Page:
Recipe Index (by Ingredients)

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Recipes that include scallion

Lion’s Head Casserole

Sunday, August 1, 2010

Lion’s Head Casserole is a simple dish of pork meatballs and napa cabbage. The meatballs supposedly look like lion’s heads, which is a stretch, I know, but that is the name. Last week, I wasn’t feeling that great and got in that I want my mommy mood. (Yes, I’m 30.) I whined and asked my mom to make me a pot of this umami-powered dish that feels so nurturing. It feels mommy-made. I took pictures and notes, not remembering that I already posted this dish over a year ago.

I decided that it was worth re-posting for the new pics and some added thoughts. It’s interesting to compare the notes since my mom does not ever use recipes. It’s amazingly similar in making the meat mixture, but you’ll notice that you can vary the size of the meatballs if you want.

Lion's Head Casserole 2

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West Lake Beef Soup

Sunday, July 11, 2010

Lon’s grandma Rose loves Chinese food. Her favorite course is soup and her most favorite Chinese soup is Egg Drop Soup. Her doctors want her to lay off the sodium so Lon’s family hasn’t been taking her to the Chinese restaurants she used to frequent; and of course, that made her sad — I think we can all relate to being told not to eat something. So this week, when I went to cook with my mom, I asked to learn one of my favorite soups: Shi Hu Neo Ro Gung. This translates to West Lake Beef Soup.

I thought Grandma Rose would like to try this authentic Chinese soup (rarely known by the non-Chinese) because it has a white egg drop in it, as well as little bits of beef, so she can get a little more nutrition. We made it low sodium for her and packed individual containers that could be heated easily in the microwave.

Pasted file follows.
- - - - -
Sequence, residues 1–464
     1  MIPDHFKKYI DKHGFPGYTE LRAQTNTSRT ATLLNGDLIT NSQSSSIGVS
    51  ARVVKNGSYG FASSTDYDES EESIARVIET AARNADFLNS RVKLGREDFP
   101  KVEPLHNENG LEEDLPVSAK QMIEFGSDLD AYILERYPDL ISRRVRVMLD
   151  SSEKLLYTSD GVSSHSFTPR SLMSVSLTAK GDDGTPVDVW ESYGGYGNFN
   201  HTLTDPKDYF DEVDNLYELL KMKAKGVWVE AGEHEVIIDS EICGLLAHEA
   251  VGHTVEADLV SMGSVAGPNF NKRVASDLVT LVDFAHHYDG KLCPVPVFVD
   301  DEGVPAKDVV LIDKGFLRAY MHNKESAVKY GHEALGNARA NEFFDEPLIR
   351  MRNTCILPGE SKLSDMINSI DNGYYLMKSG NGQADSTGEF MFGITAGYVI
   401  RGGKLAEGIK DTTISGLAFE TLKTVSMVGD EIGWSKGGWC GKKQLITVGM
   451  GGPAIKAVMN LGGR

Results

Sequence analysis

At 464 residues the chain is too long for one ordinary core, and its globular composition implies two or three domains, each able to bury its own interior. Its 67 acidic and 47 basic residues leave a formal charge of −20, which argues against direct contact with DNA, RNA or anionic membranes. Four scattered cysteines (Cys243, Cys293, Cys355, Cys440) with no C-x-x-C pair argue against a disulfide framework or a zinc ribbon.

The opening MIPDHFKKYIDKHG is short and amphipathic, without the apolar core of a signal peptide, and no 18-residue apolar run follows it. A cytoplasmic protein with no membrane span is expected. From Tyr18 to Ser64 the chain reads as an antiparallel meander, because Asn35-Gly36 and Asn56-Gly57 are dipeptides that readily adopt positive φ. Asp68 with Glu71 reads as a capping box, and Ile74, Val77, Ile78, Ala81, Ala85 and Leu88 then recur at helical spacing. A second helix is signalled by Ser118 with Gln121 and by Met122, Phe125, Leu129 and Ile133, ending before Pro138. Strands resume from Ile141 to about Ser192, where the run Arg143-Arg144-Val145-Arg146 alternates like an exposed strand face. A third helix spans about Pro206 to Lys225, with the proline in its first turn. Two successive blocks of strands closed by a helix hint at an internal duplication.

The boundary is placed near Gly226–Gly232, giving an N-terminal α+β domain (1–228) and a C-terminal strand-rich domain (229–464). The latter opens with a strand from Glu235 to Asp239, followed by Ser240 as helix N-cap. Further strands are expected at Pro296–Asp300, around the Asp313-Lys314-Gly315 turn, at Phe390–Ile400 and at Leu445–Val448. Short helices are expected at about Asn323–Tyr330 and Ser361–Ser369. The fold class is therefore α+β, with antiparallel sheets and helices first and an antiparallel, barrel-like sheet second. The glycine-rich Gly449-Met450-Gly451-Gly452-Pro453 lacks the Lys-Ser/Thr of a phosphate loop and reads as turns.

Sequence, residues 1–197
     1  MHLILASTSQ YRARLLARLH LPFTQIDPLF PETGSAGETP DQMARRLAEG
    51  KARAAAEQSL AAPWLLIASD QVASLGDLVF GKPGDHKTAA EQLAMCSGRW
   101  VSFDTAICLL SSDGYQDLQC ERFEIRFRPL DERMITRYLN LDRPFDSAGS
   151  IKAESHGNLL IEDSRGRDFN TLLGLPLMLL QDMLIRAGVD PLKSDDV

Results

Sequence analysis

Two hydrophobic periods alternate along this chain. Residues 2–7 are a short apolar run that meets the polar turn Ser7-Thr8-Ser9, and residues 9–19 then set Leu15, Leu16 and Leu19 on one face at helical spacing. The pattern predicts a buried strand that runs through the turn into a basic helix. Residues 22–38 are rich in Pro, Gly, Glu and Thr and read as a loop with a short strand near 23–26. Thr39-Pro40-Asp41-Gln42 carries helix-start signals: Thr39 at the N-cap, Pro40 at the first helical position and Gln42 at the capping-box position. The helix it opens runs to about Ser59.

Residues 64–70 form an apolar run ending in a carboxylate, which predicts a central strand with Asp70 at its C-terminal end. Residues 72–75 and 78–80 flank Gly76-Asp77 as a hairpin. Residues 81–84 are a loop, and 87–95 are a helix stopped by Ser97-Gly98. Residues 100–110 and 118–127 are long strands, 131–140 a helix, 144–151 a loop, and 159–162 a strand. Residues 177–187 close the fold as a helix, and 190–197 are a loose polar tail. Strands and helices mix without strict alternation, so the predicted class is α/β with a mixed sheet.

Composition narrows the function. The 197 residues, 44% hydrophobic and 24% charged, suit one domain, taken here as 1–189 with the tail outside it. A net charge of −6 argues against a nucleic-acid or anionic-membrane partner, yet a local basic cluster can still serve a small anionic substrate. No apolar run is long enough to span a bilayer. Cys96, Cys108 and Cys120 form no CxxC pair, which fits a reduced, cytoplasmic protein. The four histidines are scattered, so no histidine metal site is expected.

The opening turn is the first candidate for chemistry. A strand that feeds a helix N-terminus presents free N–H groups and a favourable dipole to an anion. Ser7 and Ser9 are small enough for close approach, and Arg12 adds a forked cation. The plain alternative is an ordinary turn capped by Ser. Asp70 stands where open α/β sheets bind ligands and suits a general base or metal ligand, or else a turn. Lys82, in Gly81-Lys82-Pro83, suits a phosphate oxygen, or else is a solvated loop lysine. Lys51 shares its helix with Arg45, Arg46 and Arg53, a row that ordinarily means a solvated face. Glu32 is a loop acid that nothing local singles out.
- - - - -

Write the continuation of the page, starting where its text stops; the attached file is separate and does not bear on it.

East Lake Beef Soup in stacked bowls 2

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Tee Pong: Red Cooked Picnic Shoulder

Wednesday, May 26, 2010

I spent Monday at mom’s house again and we decided, well I decided, that I wanted to learn my grandfather’s two favorite dishes. My grandpa, on my dad’s side, lived till he was 96! I remember what a bad example that set for us kids. He never ate veggies and yet he was as healthy as a pup, taking walks every day. Well, his walks were to Baskin Robbins.

Besides the Mint Chocolate Chip ice cream cone each day, his favorite dish was Tee Pong. It’s a Red-Cooked or Red-Braised Picnic Shoulder, and it’s all about the skin and fat. Brace yourself. The fat and skin can be more than an inch thick, and that’s the part my grandpa wanted to eat, sometimes leaving the meat behind.

Red Cooked Tee Pong (picnic shoulder)

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Dried Sardines with Bean Curd

Tuesday, May 18, 2010

In Chinese, sometimes we describe a dish as sha fan. The literal translation is down rice, and what we mean is that it goes down well with rice. It pairs so well with rice that it encourages the eating of more rice. These are usually addictive, salty or spicy foods, and the Dried Sardines with Bean Curd is both. I think of this dish as a confetti of aromatics: fish, ginger, garlic, scallion, and fermented black beans. Just sprinkle a little on rice and it goes a long long way.

I love the fishes1

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Basic Mei Fun

Sunday, March 28, 2010